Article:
Scent control is second only to politics as a topic guaranteed to raise the temperature of a hunting lodge. Some hunters will maintain that the only way a ground blind could contain human scent would be for it to be completely airtight. Others will insist that while it may be impossible to completely contain your scent, a blind helps keep some of those odor-causing molecules floating towards a deer. I think it’s safe to say that a ground blind definitely can’t hurt if you’re worried about scent control. If you’re really concerned about scent control, consider an ozone generator.
How to brush in a ground blind?
Thoroughly! If you’re brushing in a blind, more is better. It’s also better to tuck a blind into existing brush than to try and build up brush around the blind. Consider cutting a hole in a thicket and erecting a blind in that hole. This way, brush will continue to grow up around the blind year after year. You can trim it back as it starts to block shooting lanes. This provides much better concealment than sticking a few limbs in the ground around a blind.
What is the best ground blind chair?
Personally, I don’t think there’s ever been a better hunting chair than a Waldrop Pac Seat, whether you’re in a blind or not. The Waldrop Pac Seat comes with shoulder, chest, and waist straps; you can adjust the lean angle for more comfort; and it can be used to pack out deer quarters. It’s a phenomenal piece of equipment and I use mine regularly for hunting large and small game as well as for a camping and fishing chair.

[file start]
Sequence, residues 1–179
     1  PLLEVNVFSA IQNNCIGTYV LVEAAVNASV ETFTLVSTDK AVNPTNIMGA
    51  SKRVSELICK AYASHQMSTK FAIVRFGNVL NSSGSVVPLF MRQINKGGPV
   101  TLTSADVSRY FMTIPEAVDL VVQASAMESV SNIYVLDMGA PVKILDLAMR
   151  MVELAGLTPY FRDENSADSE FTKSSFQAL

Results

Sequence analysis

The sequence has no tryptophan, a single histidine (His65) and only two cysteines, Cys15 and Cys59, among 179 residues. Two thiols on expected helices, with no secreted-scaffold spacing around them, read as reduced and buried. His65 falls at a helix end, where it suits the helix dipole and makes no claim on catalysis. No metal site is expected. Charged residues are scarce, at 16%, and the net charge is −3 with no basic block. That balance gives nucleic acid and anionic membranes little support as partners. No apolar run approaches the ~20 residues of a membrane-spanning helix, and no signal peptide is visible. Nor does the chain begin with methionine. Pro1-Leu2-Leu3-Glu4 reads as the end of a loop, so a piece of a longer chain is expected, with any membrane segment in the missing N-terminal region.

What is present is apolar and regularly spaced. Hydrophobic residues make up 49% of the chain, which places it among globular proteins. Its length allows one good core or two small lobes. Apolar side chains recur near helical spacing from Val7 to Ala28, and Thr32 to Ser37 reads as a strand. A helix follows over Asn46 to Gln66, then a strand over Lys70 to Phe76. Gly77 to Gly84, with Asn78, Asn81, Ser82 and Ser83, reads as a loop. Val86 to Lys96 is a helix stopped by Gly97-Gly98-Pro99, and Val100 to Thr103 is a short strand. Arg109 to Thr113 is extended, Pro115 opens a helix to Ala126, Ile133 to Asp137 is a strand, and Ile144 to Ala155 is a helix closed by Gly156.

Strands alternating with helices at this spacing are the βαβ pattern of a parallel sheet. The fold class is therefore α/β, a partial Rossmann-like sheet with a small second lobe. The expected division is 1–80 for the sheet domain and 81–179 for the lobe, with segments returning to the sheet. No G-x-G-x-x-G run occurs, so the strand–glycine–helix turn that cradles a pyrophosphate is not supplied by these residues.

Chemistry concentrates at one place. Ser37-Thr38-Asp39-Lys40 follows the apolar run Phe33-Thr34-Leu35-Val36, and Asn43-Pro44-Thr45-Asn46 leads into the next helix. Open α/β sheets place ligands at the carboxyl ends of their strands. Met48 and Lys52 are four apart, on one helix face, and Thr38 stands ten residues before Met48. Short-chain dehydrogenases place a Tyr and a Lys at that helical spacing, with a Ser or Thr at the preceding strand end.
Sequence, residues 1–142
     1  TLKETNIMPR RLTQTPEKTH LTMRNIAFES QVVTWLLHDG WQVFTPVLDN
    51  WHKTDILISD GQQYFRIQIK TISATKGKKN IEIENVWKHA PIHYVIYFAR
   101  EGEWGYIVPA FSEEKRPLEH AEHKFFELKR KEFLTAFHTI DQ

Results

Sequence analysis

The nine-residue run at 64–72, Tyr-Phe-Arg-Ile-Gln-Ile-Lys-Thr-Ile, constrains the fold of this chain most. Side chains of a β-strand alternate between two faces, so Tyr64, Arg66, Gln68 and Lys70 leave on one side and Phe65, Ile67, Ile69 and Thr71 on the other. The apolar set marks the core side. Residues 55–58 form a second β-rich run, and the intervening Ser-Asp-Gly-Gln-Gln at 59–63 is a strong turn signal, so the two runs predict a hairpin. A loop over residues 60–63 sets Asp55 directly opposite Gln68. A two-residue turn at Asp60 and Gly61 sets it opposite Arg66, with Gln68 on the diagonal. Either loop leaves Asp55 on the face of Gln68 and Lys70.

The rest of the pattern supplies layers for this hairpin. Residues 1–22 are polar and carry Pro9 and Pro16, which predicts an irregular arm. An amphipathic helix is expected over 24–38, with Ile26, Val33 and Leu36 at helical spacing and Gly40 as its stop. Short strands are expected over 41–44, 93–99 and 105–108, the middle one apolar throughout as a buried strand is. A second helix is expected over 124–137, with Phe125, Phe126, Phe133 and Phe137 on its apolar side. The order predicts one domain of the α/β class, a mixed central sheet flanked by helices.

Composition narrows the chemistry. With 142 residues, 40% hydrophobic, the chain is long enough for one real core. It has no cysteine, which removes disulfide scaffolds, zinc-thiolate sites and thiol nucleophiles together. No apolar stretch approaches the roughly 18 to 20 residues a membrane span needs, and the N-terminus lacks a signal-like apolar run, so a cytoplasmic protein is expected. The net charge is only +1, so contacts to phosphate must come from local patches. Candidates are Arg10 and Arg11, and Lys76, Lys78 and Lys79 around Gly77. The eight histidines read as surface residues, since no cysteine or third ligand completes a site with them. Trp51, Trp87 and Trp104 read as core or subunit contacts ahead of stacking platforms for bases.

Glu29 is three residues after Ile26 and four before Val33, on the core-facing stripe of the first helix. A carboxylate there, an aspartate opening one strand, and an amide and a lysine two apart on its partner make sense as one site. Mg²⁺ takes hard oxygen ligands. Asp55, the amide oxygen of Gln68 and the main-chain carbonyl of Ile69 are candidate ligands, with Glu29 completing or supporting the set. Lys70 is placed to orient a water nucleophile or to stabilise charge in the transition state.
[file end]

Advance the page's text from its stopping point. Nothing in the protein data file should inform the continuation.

The only downside of the Pac Seat is it doesn’t swivel. If you want a swivel chair so that you can easily and quietly hunt 365 degrees around you, the Millennium Blind Chair is the best in the industry. I’ve spent thousands of comfortable hours in millennium treestands and boat seats, and this chair has that trademark comfort and a silent swivel mechanism. It’s also rated to 400 lbs, making it perfect for larger hunters or ones who frequently end up with a kid on their lap. Finally, it’s adjustable in height so that you’re never left looking over or under your deer blind windows.
Final Thoughts On Cheap Deer Blind Ideas
You can spend as much money on a deer blind as you’d like. We’ve done write-ups in the past on blinds that cost more than my first truck! Blinds like that (and the heaters, cook stoves, and ball game radios I’ve seen hunters furnish them with) are awesome, but you don’t need them to have a great weekend at camp. A budget or DIY deer blind will keep you comfortable and concealed for long enough to kill a deer, so hurry up and consider our cheap deer blind ideas before the season starts!